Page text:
The politics of expertise and ignorance in the field of migration management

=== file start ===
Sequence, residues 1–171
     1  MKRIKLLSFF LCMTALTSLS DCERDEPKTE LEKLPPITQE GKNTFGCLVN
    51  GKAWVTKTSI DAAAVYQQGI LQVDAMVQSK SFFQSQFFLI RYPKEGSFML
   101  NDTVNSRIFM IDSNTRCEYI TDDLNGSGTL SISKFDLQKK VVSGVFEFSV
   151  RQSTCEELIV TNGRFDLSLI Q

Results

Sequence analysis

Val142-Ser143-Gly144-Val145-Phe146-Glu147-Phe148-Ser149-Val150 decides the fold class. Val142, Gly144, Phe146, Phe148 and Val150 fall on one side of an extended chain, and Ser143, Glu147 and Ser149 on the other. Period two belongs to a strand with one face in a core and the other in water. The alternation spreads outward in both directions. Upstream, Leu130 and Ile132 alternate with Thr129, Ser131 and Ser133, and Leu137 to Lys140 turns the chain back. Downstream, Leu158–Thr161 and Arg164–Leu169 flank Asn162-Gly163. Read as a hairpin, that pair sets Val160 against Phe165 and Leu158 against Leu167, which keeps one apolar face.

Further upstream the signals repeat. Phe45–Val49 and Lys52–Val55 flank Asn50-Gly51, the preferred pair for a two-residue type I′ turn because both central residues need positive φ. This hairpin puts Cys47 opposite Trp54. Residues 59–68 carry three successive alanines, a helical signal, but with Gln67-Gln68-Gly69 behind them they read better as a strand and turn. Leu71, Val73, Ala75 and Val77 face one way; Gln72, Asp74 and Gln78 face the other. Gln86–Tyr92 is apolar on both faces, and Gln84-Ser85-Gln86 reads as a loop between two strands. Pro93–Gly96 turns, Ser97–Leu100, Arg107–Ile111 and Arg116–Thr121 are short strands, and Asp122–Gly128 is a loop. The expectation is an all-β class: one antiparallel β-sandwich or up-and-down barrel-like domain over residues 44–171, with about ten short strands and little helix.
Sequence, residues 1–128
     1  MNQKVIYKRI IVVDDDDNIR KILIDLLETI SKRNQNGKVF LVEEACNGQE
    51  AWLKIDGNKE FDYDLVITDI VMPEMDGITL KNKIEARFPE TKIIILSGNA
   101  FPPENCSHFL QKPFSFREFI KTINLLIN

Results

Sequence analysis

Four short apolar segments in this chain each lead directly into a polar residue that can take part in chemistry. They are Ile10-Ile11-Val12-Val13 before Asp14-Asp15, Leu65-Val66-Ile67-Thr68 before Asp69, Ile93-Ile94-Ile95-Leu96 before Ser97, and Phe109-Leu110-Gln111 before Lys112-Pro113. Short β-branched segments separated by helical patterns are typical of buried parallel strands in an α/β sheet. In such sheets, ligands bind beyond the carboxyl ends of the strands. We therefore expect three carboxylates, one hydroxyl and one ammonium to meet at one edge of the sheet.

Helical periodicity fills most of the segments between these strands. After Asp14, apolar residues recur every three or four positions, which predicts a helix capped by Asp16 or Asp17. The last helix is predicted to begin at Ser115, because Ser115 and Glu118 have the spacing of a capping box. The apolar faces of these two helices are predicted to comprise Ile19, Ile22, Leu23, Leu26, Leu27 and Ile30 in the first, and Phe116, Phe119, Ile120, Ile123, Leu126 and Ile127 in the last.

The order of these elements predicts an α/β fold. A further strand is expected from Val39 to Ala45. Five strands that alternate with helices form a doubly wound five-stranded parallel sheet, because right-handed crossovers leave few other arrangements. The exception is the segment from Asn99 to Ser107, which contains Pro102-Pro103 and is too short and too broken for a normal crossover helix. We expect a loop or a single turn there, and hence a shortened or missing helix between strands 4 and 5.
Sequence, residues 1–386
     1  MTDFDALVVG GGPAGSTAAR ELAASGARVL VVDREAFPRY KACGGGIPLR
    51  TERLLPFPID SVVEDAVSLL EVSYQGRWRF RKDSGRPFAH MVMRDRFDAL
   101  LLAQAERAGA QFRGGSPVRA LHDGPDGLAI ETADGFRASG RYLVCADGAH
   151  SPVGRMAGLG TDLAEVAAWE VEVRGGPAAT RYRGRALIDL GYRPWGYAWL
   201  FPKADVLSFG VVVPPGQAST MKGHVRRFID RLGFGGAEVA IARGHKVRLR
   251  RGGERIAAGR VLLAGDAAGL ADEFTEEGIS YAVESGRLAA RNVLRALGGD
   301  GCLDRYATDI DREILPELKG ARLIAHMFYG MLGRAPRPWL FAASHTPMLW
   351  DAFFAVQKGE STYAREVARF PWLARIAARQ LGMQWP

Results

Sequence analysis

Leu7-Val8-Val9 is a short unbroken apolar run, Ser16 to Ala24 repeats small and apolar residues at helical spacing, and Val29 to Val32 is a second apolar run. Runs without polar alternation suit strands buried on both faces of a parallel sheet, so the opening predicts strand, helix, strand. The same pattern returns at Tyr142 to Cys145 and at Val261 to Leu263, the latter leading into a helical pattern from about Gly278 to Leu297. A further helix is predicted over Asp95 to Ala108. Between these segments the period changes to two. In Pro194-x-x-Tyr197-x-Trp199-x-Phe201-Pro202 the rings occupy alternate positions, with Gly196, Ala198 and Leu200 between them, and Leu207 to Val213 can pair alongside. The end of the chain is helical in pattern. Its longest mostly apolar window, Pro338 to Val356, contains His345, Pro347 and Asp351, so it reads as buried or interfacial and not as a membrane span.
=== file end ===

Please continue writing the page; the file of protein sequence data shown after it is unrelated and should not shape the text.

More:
This paper shows that the field of migration management features a politics of expertise through which migration is enacted as a reality that can be managed because it can be precisely quantified. For instance, the International Organization for Migration maintains a “Global Migration Flows Interactive App.” This interactive map suggests that the number of people migrating from country A to B can be exactly known at any point in time. This enactment of migration sits in contrast with the widely acknowledged unreliability and noncoherence of migration statistics. This paper investigates how this tension is negotiated through the production of “strategic ignorance” (McGoey) about the known limits of quantifying migration. Drawing on work from ignorance studies we highlight four practices producing strategic ignorance: (1) omission of the significant gap between recorded immigration and emigration events, (2) compression of different accounts of migration into one “world migration map,” (3) deflection of knowledge about the specifities of different methods to production sites of statistical data, and (4) usage of metadata for sanitizing the statistical production process of any messy aspects. Our analysis shows that the politics of expertise in the field of migration management are intertwined with a politics of ignorance.
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